Zola Jesus: 'I feel like I have to push myself off a cliff'
Nika Roza Danilova tells Hugh Montgomery about the angst behind her compelling brand of doom-pop...and why she changed her name
The pop business may be filled with upstarts following their dreams, but what about those just trying to stave off the nightmares?
Ask Zola Jesus about her creative drive, and her answer is decidedly gush-free. "I have an underlying fear that my body might fail at any moment," she says, her eyes directed at the floor, her hands picking at her tights, "so everything I do is reinforced by the terror that I could die any day ... I need to reaffirm why I'm here and pay my dues."
That such a statement engenders admiration rather than giggles is a measure of the compelling musical intensity of the diminutive diva, aka Nika Roza Danilova. Since her 2009 debut album The Spoils, the 22-year-old philosophy graduate has become the toast of the blogosphere with her brand of skyscraping doom-pop. Founded on industrial electronics and earthquaking beats, its trump card is her humdinger of a voice: guttural yet ethereal, with a formidable range in part fostered by opera lessons in her early teens. Her third album, September's Conatus, ratcheted up the grandiosity further, with her pipes likened to those of Florence Welch. In truth, though, her music makes Welch's sound Tesco-bound.
More interesting is her emergence amid a new wave of goth-pop stars – among them Canadian band Austra and her upcoming UK tourmate EMA, aka singer-songwriter Erika M Anderson. Point this out to Danilova, however, and she will not love you for it. "Oh God, do we have to ...?" she sighs when I bring up the G-word. "The problem is I live in America, and when you say goth there, people think of girls with pink hair listening to Marilyn Manson."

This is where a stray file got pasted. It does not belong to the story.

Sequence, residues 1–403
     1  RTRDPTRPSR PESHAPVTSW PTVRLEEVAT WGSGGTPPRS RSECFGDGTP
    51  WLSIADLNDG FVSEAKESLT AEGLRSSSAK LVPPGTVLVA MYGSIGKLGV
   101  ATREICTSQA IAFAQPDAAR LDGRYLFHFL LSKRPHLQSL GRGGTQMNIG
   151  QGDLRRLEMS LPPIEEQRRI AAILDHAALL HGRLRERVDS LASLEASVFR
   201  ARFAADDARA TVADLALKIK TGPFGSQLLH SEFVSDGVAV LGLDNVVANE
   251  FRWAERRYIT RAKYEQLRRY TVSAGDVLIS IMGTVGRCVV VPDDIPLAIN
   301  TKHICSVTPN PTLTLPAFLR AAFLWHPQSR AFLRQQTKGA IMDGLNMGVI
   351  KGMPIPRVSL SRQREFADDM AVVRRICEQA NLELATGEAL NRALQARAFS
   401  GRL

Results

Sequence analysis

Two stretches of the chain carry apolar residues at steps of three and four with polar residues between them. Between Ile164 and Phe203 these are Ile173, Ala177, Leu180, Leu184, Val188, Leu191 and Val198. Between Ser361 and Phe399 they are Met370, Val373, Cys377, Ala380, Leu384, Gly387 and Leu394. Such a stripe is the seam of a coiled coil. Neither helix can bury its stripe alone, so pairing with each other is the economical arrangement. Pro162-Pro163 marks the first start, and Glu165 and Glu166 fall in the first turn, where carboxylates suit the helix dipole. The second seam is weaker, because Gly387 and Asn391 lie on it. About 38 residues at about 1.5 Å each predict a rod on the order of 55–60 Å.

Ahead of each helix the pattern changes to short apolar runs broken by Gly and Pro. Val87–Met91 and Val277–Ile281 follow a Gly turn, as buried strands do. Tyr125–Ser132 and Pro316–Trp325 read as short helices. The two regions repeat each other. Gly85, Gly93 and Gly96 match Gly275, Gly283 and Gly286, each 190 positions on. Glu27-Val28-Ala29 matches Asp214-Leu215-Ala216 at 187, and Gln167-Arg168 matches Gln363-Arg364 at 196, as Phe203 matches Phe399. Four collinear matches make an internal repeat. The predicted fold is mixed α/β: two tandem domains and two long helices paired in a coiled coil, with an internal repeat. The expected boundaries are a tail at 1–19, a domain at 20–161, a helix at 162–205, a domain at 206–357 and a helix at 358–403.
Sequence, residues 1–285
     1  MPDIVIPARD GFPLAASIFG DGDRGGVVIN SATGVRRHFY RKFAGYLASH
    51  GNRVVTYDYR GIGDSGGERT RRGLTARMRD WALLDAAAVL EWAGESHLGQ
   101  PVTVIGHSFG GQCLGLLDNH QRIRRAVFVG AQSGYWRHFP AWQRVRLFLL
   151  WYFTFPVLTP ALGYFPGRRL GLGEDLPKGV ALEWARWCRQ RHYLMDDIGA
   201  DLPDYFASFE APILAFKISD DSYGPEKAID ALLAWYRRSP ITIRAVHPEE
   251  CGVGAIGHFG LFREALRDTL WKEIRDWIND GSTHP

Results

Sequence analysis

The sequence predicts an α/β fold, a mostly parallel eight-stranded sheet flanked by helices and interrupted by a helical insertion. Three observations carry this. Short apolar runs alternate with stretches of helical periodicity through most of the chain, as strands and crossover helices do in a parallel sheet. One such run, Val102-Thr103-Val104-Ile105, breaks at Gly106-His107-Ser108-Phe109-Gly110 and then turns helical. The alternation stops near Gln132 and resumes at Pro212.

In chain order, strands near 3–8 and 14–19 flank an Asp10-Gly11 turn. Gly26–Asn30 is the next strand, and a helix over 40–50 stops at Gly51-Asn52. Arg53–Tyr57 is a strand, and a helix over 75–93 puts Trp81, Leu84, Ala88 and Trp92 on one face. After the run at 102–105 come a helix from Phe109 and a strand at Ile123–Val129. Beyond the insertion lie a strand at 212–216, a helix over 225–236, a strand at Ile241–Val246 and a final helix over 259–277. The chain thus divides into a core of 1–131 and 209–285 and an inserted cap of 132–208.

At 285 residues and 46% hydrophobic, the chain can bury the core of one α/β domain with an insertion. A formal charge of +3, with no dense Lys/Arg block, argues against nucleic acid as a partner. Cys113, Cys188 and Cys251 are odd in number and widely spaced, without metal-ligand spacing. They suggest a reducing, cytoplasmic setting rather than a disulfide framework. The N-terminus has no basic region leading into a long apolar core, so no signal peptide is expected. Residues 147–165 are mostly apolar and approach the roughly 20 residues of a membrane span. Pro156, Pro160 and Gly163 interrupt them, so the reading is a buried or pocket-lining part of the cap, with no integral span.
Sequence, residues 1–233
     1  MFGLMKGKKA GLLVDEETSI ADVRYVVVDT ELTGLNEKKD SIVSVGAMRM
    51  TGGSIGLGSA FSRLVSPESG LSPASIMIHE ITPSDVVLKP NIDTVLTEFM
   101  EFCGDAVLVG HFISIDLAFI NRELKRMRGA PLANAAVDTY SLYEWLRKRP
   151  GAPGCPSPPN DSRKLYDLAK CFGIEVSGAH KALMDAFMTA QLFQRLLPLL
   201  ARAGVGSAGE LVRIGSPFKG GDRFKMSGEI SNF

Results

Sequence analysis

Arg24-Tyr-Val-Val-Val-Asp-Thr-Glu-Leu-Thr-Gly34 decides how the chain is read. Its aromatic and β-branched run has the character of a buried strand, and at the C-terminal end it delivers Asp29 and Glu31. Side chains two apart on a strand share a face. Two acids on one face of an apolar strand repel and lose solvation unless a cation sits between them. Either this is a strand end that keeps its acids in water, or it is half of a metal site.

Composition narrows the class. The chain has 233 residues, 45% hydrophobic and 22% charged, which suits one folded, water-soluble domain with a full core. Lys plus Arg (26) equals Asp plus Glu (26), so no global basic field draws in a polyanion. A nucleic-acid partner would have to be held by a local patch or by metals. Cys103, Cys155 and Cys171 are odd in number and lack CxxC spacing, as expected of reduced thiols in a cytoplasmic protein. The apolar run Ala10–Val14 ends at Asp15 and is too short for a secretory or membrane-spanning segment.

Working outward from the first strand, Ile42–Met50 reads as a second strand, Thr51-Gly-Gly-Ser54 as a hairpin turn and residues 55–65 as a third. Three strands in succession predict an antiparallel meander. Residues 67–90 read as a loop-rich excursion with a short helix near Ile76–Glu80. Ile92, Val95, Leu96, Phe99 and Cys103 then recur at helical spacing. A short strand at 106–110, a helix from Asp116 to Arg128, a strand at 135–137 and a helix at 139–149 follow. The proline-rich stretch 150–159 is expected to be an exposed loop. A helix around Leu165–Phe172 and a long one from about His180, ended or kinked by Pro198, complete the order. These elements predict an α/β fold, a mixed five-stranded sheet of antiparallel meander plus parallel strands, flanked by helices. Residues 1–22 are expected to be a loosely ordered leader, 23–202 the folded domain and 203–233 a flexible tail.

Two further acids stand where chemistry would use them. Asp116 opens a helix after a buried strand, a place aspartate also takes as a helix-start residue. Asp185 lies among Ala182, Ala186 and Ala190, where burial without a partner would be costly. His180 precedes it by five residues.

Indeed, though she used to dress exclusively in black, recently she has shifted to the other end of the spectrum, acquiring an icy peroxide dye-job and a white-and-grey-centric wardrobe to match. "This new record was about trying to force myself out of habits. I feel stronger when I'm in all black, but I feel like I have to push myself off a cliff," she says.
Danilova has always been protective of her singularity. She grew up on a remote farm in wintry Wisconsin, enjoying a childhood at once isolated and liberated. "When you live in the country, there's a sense in which you live without law. I felt I could do anything and have the room to explore," she says. Zola Jesus, meanwhile – a composite of Emile Zola and Jesus Christ – was a pseudonym dreamt up by her teenage self as a means of freaking out her high-school peers. "I didn't want to spend this time getting to know people who I knew would serve me no purpose in the long term. So I thought that I could cut myself off from them [with the name], which is very easy in a place which is pretty conservative."
Zola Jesus may be a pseudonym, but it is not, crucially, an alter-ego, since she considers her music "too personal for anything to be separated". She has spoken of putting herself through a "personal ritual of self-martyrdom", a ritual that peaked during the recording of Conatus. "This record was about looking within: What's the problem? Why can't I grow? What's keeping me from being the person I want to be? And it turns out there's a lot of things ... it was the hardest thing I've ever made," she continues, in her incongruously affectless drawl, "[in terms of] the self-destruction and rebuilding of myself that I went through."